Transgender Film Festival Pushes Boundaries of What's Typical On Screen
BY Sunnivie Brydum
November 16 2012 4:00 AM ET
The fourth annual Los Angeles Transgender Film Festival, held November 2 to 4, featured an impressive collection of shorts and feature-length films aimed at expanding the conventional, tragic narrative often seen in stories about trans identities.
Featuring three feature films and 24 short films from six different countries, the 2012 LATFF boasted near-capacity crowds at all its screenings of work by transgender, genderqueer, and intersex filmmakers. And its stories are the type that deserve amplifying during this Transgender Awareness Week.
The first day's feature presentation was queer filmmaker Cheryl Dunye's erotic romantic comedy set in Berlin called Mommy Is Coming. Dunye's film tackles the taboo of mother-daughter sex, which Dunye said is an unintentional thread running through several of her films, including her landmark debut The Watermelon Woman. Mommy also breaks out of the confines of genre, blending graphic, erotic sex scenes with comedic narrative, actor interviews, and social commentary. It's a steamy film that had more than a few in the audience fanning their faces to hide blushing cheeks.
Screening before Dunye's film was an erotic short by Don Bapst, simply titled Chris. Recounting the gay director's first time having sex with a transgender man, the camera stays tightly focused on a scruffy, underwear-clad man as he rolls about seductively on a bed. Laid over the visuals is speech in both English and French, forcing the audience to challenge themselves to understand identity, language, and presumptions they have about the roles these two men play. It's an honest, thoughtful short, that seemed well-received by the audience.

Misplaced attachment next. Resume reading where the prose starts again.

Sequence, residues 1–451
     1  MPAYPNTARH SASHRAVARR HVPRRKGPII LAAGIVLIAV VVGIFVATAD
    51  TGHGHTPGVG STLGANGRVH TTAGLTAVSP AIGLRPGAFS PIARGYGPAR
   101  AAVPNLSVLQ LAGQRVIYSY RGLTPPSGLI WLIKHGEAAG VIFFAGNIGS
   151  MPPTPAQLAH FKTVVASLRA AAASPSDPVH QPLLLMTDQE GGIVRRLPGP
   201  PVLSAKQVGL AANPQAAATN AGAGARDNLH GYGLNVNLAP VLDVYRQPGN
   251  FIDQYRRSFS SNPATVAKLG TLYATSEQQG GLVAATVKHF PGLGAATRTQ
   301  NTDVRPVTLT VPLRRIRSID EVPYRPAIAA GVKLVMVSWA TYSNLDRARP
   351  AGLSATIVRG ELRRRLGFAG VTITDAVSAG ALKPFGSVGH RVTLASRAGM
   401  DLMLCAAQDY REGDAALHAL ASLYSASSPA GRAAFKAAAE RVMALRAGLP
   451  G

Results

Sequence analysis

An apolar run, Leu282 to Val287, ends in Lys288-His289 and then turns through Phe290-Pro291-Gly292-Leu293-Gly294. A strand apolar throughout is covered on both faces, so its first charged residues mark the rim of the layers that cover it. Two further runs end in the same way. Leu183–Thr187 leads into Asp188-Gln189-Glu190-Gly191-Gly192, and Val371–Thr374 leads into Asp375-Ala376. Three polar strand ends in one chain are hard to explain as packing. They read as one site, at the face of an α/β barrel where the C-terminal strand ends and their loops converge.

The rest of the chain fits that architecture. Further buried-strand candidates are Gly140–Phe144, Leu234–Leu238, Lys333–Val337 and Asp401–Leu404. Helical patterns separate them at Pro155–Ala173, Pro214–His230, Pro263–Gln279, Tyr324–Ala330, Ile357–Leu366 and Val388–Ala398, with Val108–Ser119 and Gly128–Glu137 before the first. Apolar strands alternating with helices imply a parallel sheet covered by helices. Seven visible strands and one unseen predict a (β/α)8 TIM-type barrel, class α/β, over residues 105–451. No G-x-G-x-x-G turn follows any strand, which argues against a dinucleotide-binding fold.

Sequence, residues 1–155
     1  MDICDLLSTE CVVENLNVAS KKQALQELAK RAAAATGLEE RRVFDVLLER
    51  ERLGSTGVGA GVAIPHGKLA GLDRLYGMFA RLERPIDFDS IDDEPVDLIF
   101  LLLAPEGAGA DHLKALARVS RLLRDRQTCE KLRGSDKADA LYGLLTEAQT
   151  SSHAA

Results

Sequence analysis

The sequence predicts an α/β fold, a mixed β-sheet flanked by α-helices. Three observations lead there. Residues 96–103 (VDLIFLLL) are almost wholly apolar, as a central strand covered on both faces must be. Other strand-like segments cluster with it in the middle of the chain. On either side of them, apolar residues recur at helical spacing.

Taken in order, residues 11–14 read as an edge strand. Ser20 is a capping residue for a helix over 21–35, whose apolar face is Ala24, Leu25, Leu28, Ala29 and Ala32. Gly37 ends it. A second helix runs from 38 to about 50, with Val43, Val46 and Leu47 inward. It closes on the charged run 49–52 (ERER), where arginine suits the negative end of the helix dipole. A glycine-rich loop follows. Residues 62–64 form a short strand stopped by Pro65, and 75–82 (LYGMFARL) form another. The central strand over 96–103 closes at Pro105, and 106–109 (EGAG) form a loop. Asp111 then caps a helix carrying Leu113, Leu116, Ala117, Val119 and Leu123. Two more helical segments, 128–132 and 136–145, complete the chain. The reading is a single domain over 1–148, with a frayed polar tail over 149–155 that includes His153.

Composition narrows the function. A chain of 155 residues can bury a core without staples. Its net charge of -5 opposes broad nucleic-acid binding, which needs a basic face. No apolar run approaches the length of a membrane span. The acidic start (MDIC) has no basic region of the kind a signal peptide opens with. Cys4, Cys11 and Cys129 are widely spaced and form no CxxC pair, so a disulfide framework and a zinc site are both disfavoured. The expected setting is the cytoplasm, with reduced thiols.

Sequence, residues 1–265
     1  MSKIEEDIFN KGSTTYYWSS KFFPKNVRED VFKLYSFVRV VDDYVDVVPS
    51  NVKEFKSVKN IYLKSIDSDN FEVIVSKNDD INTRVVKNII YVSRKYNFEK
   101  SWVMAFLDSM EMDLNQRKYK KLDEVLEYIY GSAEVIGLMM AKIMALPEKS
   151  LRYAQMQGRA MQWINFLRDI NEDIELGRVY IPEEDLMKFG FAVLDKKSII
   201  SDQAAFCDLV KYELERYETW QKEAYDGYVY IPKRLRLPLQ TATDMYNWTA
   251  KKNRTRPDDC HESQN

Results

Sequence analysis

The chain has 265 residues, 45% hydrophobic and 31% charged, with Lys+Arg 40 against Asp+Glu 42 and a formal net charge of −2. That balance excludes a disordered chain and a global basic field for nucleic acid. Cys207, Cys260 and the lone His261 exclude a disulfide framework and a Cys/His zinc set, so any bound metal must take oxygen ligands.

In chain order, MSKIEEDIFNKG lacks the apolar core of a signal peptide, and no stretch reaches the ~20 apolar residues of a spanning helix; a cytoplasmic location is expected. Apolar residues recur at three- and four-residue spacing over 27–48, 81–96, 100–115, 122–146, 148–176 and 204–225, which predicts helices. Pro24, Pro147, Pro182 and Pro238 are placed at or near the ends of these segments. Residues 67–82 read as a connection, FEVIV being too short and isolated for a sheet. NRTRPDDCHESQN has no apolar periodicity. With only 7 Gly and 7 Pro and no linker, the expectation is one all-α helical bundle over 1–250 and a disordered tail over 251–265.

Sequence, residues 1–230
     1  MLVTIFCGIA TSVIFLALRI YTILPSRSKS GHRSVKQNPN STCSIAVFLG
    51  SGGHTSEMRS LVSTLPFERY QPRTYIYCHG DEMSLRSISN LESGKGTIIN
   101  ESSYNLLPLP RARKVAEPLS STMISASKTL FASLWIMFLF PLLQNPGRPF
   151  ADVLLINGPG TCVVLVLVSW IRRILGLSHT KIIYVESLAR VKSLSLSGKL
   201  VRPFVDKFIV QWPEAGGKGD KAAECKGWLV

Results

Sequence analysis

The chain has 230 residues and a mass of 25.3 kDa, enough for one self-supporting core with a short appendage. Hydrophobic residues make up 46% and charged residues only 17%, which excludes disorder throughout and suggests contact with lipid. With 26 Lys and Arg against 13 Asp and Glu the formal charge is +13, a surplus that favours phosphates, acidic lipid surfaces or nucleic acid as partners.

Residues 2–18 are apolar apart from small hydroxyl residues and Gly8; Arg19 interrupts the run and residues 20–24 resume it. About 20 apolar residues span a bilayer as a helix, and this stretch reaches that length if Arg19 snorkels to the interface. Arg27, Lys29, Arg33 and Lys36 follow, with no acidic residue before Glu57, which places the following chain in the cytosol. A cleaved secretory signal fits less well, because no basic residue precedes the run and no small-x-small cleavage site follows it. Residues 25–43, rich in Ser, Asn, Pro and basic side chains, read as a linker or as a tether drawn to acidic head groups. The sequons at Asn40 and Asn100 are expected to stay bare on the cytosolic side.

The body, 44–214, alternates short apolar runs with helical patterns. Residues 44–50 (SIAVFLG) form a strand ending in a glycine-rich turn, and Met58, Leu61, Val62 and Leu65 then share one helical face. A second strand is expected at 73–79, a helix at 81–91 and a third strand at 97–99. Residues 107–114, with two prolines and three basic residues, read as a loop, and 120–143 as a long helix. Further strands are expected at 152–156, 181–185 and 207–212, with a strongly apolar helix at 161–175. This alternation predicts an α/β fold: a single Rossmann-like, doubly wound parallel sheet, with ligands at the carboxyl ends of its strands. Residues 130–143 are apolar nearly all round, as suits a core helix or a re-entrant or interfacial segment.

Sunday's events, held at The Workmen's Circle in West Los Angeles, featured a short film program delving into the artistic imaginations of trans and genderqueer storytellers. The evening wrapped with a screening of the experimental documentary Against A Trans Narrative, Jules Rosskam's thought-provoking examination of generational divides, gender identity, and relational dynamics as they relate to trans folk, people of color, members of various social classes, ages, political bents and orientations. The film was followed up by a lively panel discussion featuring an impressive cross-section of trans folk from each of these various strata.
Now that the festival is complete, it's preparing to hit the road as LATFF tours high schools, colleges, and community organizations around the country. Get more information about LATFF via its website. On the following pages, watch trailers for each of the feature films spotlighted in this year's festival.